For many years, London was regarded by international property investors as one of the world’s most attractive destinations. It made a spectacular recovery from the last recession and, for several years, capital growth seemed to defy all conventional economic logic. Prices kept on rising and investors kept seeing their assets appreciate.
However, economic logic is not so easily dismissed. Market momentum and a sense of optimism can drive prices so far but, eventually, sanity must prevail. In this case, sanity means investing in a property because of its intrinsic value – i.e. its ability to deliver respectable yields – and not just because it promises runaway capital growth. In London, stratospherically high prices have made good yields ever harder to achieve and, increasingly, investors seem to be eyeing regional markets instead.
Long term forecasts suggest that average house prices, having made rapid advances in recent years, will now rise at a much more modest pace. Partly, these restrained predictions are based on the idea that the disparity between house prices and average earnings cannot keep widening forever. If that basic principle is to be believed, then rental yield must, for most investors, become an ever more important gauge of success. Prices are expected to continue to appreciate – and to do so at a far better rate than any savings account is likely to deliver – but with average national forecasts averaging around 4% to 5%, it will be yields that make the difference between an ordinary investment and a great one.
Over the last few years, one of the best UK markets for yield has been the North West of England. According to the LendInvest Buy-to-Let Index (March 2016), Manchester and Liverpool lead the country, delivering rental yields of 6.02% and 5.16% respectively.
Of course, total returns are about more than just yields. Capital appreciation is another vital factor. However, whilst London has fared well in recent years, faith in its property market now seems to be waning. Some commentators believe that property in the capital is now substantially overpriced and have predicted that prices here will see some of the UK’s slowest growth. For example, in April, the Royal Institution of Chartered Surveyors (RICS) noted that: “prices in London are expected to fall significantly over the next three months , while prices in the North West are expected to soar.” This is only opinion, of course, but it’s one that many high profile investors seem to regard as credible.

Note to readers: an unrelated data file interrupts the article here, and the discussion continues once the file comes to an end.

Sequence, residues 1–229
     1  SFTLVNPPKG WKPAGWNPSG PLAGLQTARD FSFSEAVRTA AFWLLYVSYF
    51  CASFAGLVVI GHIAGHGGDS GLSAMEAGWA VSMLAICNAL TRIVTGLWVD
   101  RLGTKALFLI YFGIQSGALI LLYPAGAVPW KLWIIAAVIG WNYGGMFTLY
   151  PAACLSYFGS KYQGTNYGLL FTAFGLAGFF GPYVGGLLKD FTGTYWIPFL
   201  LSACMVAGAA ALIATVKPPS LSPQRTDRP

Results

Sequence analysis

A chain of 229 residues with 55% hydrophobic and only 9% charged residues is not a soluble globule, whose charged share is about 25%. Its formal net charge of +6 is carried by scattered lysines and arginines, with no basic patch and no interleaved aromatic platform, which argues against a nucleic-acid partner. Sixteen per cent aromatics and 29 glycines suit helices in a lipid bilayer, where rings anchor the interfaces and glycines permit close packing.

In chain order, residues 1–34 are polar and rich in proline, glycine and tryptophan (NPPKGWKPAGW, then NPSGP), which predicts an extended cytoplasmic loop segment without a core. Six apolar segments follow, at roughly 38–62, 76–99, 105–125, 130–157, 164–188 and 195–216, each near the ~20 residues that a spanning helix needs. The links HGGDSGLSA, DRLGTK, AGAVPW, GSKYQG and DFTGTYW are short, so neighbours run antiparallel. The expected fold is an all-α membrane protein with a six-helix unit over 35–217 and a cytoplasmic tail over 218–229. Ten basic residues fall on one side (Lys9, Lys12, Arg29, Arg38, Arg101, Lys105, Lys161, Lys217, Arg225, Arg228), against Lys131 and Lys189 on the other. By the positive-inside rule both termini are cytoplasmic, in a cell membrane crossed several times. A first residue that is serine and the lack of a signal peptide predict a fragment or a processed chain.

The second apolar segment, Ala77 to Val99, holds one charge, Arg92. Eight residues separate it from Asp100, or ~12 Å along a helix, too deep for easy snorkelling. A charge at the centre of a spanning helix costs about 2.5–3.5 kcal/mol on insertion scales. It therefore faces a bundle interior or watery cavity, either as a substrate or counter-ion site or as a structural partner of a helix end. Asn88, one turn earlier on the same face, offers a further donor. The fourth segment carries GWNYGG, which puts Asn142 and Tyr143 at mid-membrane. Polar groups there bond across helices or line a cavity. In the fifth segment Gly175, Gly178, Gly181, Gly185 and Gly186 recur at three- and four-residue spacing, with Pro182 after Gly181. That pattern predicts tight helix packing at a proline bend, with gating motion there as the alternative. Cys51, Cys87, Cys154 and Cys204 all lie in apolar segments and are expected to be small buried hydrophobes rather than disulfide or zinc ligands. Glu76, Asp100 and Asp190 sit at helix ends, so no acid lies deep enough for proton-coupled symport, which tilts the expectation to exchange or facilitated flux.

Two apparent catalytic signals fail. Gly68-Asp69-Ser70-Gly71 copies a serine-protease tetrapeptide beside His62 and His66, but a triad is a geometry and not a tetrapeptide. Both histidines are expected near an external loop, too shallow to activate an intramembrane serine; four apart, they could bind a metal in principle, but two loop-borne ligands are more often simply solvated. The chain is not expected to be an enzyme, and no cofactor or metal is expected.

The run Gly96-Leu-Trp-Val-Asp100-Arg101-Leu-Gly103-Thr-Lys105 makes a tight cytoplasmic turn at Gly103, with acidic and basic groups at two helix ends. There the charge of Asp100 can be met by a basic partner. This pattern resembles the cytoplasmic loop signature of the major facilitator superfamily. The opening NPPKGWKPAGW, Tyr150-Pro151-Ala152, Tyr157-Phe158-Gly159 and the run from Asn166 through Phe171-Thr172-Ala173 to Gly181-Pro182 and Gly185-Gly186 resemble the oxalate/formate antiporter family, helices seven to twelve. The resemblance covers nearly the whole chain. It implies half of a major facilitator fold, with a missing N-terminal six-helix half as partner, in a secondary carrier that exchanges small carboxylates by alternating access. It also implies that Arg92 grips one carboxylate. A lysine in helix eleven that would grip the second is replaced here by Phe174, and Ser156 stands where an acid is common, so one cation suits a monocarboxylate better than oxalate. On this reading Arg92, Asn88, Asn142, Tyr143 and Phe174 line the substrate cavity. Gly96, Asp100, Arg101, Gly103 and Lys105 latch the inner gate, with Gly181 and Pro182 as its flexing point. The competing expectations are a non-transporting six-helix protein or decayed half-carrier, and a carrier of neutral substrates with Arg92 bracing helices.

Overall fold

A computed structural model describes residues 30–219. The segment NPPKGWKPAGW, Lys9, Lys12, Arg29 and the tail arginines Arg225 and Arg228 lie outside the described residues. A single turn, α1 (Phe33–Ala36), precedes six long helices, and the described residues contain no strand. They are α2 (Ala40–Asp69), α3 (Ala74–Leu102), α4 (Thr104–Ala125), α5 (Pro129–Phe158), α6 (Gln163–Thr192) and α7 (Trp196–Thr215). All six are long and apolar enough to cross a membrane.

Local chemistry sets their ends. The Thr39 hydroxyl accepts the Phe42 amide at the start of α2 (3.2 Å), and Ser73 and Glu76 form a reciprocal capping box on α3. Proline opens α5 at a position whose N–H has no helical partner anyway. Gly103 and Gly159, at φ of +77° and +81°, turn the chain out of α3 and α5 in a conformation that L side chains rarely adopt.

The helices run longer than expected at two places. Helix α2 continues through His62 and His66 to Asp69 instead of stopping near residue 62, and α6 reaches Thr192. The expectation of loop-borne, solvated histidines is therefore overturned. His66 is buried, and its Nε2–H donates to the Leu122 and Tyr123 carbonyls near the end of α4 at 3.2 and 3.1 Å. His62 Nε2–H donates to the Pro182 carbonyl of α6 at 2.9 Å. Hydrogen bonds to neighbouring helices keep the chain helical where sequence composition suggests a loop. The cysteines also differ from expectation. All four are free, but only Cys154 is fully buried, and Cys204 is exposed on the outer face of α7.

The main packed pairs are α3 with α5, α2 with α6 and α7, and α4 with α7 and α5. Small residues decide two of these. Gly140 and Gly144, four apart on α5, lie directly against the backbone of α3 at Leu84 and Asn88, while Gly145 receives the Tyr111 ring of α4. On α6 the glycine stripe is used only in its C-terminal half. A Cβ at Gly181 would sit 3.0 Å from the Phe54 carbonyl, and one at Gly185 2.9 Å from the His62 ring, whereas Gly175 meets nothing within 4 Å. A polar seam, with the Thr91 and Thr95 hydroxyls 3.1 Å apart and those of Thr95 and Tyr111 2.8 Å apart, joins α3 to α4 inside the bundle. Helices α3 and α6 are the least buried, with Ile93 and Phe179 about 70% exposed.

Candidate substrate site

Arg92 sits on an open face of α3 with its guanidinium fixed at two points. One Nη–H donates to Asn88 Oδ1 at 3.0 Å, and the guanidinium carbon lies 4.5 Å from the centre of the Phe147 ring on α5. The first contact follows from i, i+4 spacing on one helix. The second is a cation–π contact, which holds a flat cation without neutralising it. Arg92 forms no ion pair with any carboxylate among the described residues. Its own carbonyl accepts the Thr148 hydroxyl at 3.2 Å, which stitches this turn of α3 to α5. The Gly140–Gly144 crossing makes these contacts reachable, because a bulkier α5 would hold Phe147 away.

Manchester in particular is seeing great interest on the part of both domestic and foreign investors. There is a sense that, as one of the slower-recovering regions after the last recession, the North West has proportionately more scope for sustainable capital growth. Property prices in the South East soon escalated beyond their pre-recession peaks but in many parts of the North West, prices are still lower than they were in 2007.
In addition, there is all the talk of the Northern Powerhouse and the impact of the HS2 rail link. There is a demonstrable record of growth in areas like Salford, whose housing market was so signally invigorated by the relocation of BBC staff. All kinds of economic indicators are pointing to Manchester as Britain’s hottest investment location and the media have been quick to point out some notable investors who are now seeking to capitalise on it.
On 24th April, for example, the Manchester Evening News reported that: “The former Prime Minister’s wife Cherie Blair and son Euan have become private landlords, snapping up nearly 30 flats in south Manchester, Stockport and Trafford… Since October 2014 she and the Blairs’ eldest son have spent around £2.5m on homes in Stockport town centre , Whalley Range and Urmston, all of them apparently to rent out. ” The article goes on to estimate that the investments will net around £170,000 per annum but that further returns will come in the form of capital appreciation. It states: “Property prices in south Manchester’s suburbs are continuing to head northwards, meaning their investments are set to become increasingly lucrative. According to Rightmove, sale prices have risen 13% in Whalley Range in the last year.”
Chinese investors are also moving into Manchester in force. According to a BBC report on 22nd April: “Lured by George Osborne’s promotion of the ‘Northern Powerhouse’, Chinese investors are packing their bags and heading up the M6… In the process, the Chinese are helping to fuel the beginnings of a property boom and push up prices, particularly in Liverpool and Manchester.”
In the same article, the BBC noted that 500 Chinese investors attended a seminar run by an organisation that has already sold over 400 BTL properties in Manchester, Liverpool and Sheffield. It also described a recent development in Salford Quays, in which only half of the properties went to local buyers. A quarter of them were bought up by Chinese nationals, and the remaining share went to British investors living abroad. The influx of money from overseas – and especially China – is already having a measurable effect upon prices, and many investors expect the trend to continue.
A line from the BBC report neatly summarises a common sentiment about this important shift in investors’ focus: “As prices have risen in London, the rental yields – the percentage returns every year – are beginning to look more generous in the big northern cities. There’s a greater chance of capital appreciation, too.”